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What do you mean exactly by this "Have you ever tried to look at the sensitivity/specificity of using various candlestick patterns on predicting the next day's close?"
Do you mean looking at certain candlesticks and them indicating a biased toward a certain direction and fiding the next days candle agreeing with the previous days bias?
I still have a lot to learn about charting' but I tend to look at a whole group of candles normally. There are obvious ones that stand out to me at times. Hammer bottoms; hanging men (but I have found these to not be as indicative of a downward biased as perhaps a hammer is to a reversal). Wick placement is often key in drawing support and resistance. I have often saved some money or was able to take more of a profit when a stock pulls back and makes a slightly longish wick.
another example; I was looking thou my beyond candlestick book and read a little exerpt on spinning top candles with high volume indicating a emminent price reversal. Most of the time I was accustomed to looking at spinning tops when we were forming a flag of some kind; ie a pause in the current move. These spinning tops often had slightly less volume then normal. The spinning tops the book beyond candlesticks talked about were those with highvolume and it Mr. Nison was suggesting that whomever was buying or selling ie buying at the top or selling at the bottom was getting taken out by the opposite. So basically all the buyers for tops, sellers for bottoms were getting absorbed. Thus leaving room for the stock to rise with any slight pressure for a contertrend move.
example geocities.com (left click location tab then hit enter to view chart) this is a old SLAB chart I have the daily and the 60 min up there if I am not mistaken. If you look at the daily ie on the left of the chart; near october 1st or 2nd you see a couple decent full down body candles followed by a spinning top with volume. A nice example of the spinning top with volume. Looks like it has similar characteristics as a hammer bottom with volume.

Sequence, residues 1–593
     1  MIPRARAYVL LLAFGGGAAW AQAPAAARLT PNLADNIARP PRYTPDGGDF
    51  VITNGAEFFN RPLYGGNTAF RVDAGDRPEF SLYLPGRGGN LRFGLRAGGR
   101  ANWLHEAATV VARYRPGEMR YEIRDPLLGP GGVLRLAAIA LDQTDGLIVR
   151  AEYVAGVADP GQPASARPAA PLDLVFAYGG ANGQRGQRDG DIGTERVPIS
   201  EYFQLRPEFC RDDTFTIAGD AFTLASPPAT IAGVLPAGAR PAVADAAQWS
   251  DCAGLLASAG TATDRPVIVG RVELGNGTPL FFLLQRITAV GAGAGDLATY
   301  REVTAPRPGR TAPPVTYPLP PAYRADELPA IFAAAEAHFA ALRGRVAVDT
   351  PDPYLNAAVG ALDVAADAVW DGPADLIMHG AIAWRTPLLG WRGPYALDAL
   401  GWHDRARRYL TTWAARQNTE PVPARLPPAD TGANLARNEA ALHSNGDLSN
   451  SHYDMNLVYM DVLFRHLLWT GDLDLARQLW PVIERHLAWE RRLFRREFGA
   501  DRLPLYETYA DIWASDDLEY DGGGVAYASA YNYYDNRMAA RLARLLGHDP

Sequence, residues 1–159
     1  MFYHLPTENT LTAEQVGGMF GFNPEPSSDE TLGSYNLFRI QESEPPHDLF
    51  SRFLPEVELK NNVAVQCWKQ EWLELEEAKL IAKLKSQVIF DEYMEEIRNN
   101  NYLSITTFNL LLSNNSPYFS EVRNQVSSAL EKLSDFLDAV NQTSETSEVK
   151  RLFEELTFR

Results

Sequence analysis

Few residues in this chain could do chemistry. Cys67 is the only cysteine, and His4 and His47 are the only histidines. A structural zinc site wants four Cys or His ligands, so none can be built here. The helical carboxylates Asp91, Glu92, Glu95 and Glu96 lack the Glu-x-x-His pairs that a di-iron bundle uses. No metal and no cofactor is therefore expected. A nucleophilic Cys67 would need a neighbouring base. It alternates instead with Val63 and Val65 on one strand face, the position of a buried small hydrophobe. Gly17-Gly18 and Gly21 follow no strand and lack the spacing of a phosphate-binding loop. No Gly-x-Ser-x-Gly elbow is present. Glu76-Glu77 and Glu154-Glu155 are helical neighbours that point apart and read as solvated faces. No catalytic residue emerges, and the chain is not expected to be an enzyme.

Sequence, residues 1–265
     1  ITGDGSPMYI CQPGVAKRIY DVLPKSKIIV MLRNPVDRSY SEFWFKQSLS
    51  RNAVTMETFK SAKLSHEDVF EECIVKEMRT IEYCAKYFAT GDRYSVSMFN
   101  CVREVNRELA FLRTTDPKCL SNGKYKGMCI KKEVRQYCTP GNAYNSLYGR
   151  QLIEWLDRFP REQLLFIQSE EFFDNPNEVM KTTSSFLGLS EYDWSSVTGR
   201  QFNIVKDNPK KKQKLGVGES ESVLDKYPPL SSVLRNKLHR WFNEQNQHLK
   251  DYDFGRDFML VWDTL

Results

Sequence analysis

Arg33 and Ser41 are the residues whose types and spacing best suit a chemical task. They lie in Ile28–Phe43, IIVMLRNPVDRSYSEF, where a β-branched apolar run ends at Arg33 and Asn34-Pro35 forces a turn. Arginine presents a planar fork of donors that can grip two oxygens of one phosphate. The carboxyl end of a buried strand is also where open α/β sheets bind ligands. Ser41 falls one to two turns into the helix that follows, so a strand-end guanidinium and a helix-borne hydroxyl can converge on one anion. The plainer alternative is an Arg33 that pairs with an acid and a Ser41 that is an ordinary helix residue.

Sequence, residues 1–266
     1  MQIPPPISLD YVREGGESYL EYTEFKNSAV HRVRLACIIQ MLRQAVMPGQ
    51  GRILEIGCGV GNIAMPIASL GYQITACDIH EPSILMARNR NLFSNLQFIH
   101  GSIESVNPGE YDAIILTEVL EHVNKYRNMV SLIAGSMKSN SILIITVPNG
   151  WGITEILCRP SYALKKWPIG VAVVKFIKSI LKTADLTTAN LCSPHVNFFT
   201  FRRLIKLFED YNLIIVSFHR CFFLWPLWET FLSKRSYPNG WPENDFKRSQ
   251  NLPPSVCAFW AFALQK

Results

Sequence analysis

Would one of you candlestick folks take a look at CAKE daily chart here and give an opinion...I think it looks really interesting, but don't off hand know if it falls into a typical candle pattern or not... thanks
I'll see if I can get a more detailed description tomorrow but here is a brief one ... as of today ...
Those 2 candle on 9/17 and 9/18 along with the volume suggest that we may reverse here and swing up. Now how far we do thats the question.
Todays candle shows some indecision and a pull back from the high but again concerning canldes this doesnt mean we still shouldnt look for more of a upswing. Now giving the overall feel of the market I would still be careful when taking a buy position in this game.
a close below 25.5 is a pretty sure sign we will head alot lower; use that as support and play off that. I dont play off candles alone I tend to look at support resistance etc alot also. Candles are great too; lets see where this one goes.
Summary: short term trend is up; a negativity in the market might pull this one down thou; also medium term trend is down so it will take alot to change that momentum.
oh here's another one; if we break above the close of today with some nice volume; I forsee us moving a bit higher in the short to medium term.
again to give you an example of those 2 candles on 17/18 look on 9/28/01 those 2 candles over there. Look a bit similar as to what we just had; maybe not as dramatic but similar. Lets keep that in mind and see how it turns out.
Thanks Shawn, Day traded CAKE yesterday a couple of times, with some success. I was just wondering if there was a candle term for the "outside" day that CAKE had on 9-18. I also use support/resistance and volume as a guide. Also news...which in CAKE's case, came in early August with a Listeria scare. Looks like they may be recovering from that now... Cheers Ron
The outside day is known as a bullish engulfing pattern.. However, the 9/18 is not quite tecnically a bullish engulfing pattern. The open on the 18th was a tad bit higher(.05) than the close on the 17th. Still this was a bullish candle and a reversal was in order..
Candlestick analysis in isolation of broader market developments can tend to mislead... it's the flaw inherent in trying to justify just one form of analysis (fundamental vs. technical) as being the one that should be used. The correct answer is both should be used.